My vacation in the UP, the highlights

My vacation in the UP, Sunrise, sunset

My vacation in the UP, the bridges

My vacation in the UP, Tahquamenon Falls State Park

That’s it for this one, thanks for stopping by!


My vacation in the UP, Tahquamenon Falls State Park

I spent way too little time at Tahquamenon Falls State Park, I arrived Sunday night, and left soon after photographing the falls for which the park is most famous for, on Monday mid-morning.

Here’s what the Michigan DNR’s website has to say about the park.

Tahquamenon Falls State Park encompasses close to 50,000 acres stretching over 13 miles. Most of this is undeveloped woodland without roads, buildings or power lines. The centerpiece of the park, and the very reason for its existence, is the Tahquamenon River with its waterfalls. The Upper Falls is one the largest waterfalls east of the Mississippi. It has a drop of nearly 50 feet and is more than 200 feet across. A maximum flow of more than 50,000 gallons of water per second has been recorded cascading over these falls. Four miles downstream is the Lower Falls, a series of five smaller falls cascading around an island. Although not as dramatic as the Upper Falls, they are equally magnificent. The falls can be viewed from the river bank or from the island, which can be reached by rowboat rented from a park concession. The island walk affords a view of the falls in the south channel.

This is the land of Longfellow’s Hiawatha – “by the rushing Tahquamenaw” Hiawatha built his canoe. Long before the white man set eyes on the river, the abundance of fish in its waters and animals along its shores attracted the Ojibwa Indians, who camped, farmed, fished and trapped along its banks. In the late 1800’s came the lumber barons and the river carried their logs by the millions to the mills. Lumberjacks, who harvested the tall timber, were among the first permanent white settlers in the area.

Rising from springs north of McMillan, the Tahquamenon River drains the watershed of an area of more than 790 square miles. From its source, it meanders 94 miles before emptying into Whitefish Bay. The amber color of the water is caused by tannins leached from the Cedar, Spruce and Hemlock in the swamps drained by the river. The extremely soft water churned by the action of the falls causes the large amounts of foam, which has been the trademark of the Tahquamenon since the days of the voyager.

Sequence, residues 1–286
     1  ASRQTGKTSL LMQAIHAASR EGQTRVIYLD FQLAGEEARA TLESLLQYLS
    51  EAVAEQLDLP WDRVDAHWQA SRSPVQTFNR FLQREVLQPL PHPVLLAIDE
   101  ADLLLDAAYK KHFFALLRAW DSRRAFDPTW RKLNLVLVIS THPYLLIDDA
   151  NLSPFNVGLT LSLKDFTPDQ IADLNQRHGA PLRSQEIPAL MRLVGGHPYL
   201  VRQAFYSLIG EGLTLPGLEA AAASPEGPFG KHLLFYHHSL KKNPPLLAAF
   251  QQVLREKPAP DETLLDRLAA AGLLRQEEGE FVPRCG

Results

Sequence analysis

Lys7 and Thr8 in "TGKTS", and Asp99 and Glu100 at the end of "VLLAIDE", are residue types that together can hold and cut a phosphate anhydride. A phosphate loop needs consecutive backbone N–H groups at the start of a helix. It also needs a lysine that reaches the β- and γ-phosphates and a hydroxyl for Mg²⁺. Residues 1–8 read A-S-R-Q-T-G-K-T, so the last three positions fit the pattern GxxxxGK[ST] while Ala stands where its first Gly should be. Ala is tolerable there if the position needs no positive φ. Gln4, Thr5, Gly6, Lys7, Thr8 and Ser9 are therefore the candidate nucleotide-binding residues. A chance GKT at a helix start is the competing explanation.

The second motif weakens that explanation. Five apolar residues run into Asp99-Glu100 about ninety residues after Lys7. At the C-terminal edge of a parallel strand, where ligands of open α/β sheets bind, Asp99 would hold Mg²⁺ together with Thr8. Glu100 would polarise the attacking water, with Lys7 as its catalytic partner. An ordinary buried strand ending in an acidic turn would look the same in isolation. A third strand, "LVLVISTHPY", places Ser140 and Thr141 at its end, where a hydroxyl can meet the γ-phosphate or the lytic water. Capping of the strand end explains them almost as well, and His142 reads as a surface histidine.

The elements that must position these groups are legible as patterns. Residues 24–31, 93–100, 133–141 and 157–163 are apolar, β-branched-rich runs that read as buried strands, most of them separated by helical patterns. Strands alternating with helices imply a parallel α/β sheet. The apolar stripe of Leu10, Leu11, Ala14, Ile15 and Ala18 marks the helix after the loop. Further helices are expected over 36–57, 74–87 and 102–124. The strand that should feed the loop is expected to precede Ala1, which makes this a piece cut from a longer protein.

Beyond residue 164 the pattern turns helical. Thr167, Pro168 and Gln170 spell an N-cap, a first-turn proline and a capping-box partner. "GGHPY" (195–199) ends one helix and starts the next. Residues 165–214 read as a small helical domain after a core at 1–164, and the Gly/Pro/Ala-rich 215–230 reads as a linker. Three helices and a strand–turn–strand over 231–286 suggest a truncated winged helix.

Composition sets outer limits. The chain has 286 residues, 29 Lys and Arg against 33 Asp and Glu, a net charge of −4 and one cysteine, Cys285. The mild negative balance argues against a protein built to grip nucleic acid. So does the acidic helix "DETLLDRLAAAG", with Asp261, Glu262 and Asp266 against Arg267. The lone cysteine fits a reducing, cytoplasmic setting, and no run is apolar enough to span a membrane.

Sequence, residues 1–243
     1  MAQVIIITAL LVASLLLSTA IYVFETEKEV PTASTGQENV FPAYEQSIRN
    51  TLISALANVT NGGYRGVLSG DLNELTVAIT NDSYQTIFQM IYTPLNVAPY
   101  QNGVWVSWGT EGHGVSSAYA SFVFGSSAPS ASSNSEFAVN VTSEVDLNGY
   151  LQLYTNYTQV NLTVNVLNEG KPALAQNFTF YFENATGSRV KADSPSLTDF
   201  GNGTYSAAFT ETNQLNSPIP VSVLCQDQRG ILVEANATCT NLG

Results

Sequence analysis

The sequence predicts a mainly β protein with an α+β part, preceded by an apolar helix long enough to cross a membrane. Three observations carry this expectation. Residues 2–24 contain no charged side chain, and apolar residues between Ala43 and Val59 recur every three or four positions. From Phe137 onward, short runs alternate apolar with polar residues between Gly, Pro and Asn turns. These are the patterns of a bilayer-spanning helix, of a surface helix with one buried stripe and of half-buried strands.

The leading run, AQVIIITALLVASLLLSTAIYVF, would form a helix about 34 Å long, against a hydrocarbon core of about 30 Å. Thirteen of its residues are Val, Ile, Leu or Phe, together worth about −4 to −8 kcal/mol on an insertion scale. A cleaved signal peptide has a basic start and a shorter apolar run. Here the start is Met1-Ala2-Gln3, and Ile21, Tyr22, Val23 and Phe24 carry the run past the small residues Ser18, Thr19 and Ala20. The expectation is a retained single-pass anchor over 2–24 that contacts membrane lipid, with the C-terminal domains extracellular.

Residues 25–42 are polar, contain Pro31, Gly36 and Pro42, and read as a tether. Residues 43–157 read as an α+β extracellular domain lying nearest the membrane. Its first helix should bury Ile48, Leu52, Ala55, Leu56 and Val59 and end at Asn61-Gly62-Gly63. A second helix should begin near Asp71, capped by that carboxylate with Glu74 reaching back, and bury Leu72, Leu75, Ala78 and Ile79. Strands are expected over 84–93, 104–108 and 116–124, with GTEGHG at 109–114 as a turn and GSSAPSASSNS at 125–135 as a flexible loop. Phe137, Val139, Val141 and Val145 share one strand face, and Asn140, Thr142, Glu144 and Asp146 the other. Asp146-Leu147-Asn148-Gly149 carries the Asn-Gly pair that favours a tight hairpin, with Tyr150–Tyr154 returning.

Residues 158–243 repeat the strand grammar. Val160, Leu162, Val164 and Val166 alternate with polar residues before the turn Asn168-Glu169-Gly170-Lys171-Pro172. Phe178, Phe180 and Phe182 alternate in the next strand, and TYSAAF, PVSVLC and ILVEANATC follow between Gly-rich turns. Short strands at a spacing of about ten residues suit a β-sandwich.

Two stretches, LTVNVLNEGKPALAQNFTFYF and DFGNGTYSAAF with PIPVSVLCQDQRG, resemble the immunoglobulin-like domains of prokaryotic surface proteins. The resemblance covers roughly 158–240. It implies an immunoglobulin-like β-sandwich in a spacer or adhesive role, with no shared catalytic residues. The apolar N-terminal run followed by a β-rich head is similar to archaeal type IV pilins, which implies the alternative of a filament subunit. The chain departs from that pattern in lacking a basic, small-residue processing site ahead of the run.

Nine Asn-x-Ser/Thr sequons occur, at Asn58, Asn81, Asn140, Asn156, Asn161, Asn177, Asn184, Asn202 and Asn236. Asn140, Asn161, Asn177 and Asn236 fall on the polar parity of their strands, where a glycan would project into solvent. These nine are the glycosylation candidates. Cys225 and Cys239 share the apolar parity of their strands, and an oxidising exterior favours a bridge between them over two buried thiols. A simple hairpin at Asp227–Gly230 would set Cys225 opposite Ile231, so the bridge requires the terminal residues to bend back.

It had been nearly a decade since I had last visited the falls, I had forgotten how beautiful that they are, and what a wonderful area that the entire park encompasses.

I could have, and should have, spent an entire week there hiking the many trails in the park, seeing the wildlife and scenery, and enjoying the quiet that the park affords once you are any distance from the falls. In addition to the trails created by the state for hiking and cross country skiing, the North Country Trail runs through the park as well.

I camped in the Rivermouth Rustic Campground, I was up before first light, and was rewarded with a beautiful sunrise!

Tahquamenon River sunrise

Tahquamenon River sunrise

Tahquamenon River sunrise

Tahquamenon River sunrise

Tahquamenon River sunrise

Tahquamenon River sunrise

Tahquamenon River sunrise

Tahquamenon River sunrise

It was a frosty start to the day.

Frost on the pumpkin (colored) mushroom

Frost on the pumpkin (colored) mushroom

After driving over to the falls viewing area, I set off down the boardwalk to the falls, a delight in itself.

Cedars forming a canopy of the boardwalk

Cedars forming a canopy of the boardwalk

And I paused to shoot a few photos of these guys.

Red-breasted nuthatch

Red-breasted nuthatch

Then, the lower falls came into view.

Lower Tahquamenon Falls

Lower Tahquamenon Falls

Lower Tahquamenon Falls

Lower Tahquamenon Falls

The walk through the woods between the smaller cascades of the Lower Tahquamenon Falls was quite scenic as well.

On the trail between falls

On the trail between falls

On the four mile drive to the upper falls, I had to pull over to photograph this hawk along the road.

Red shouldered hawk

Red shouldered hawk

I was hoping for more color in the trees, but the falls are magnificent any time of the year!

Upper Tahquamenon Falls

Upper Tahquamenon Falls

Upper Tahquamenon Falls

Upper Tahquamenon Falls

Upper Tahquamenon Falls

Upper Tahquamenon Falls

Upper Tahquamenon Falls

Upper Tahquamenon Falls

A few more notes before I end this post. Tahquamenon Falls State Park offers a range of options as far as camping or renting cabins as far as a place to stay with in the park. (Click the link near the top of this post for more info) There are a few motels nearby, but they run on the small side, and one can never be sure if they are open, both because of the seasonal nature of their business, and because they seem to change hands often.

The falls and the park are less than 60 miles north of St. Ignance, Michigan or about the same distance west of Sault Ste. Marie, Michigan. (Pronounced soo saint marie, or just The Soo to the locals) Much better lodging is available in either of those cities. The same is true for gas stations, there is one in Paradise, Michigan, at the entrance to the park, but you’d be better off topping your gas tank off in either of the aforementioned cities.

Area map

Area map

Be prepared to deal with crowds, especially during the summer months. I had to wait in line for an opportunity to photograph the falls at most of the viewing spots even in the end of September. Away from the falls, the park’s character is completely different, much more of a wilderness type experience.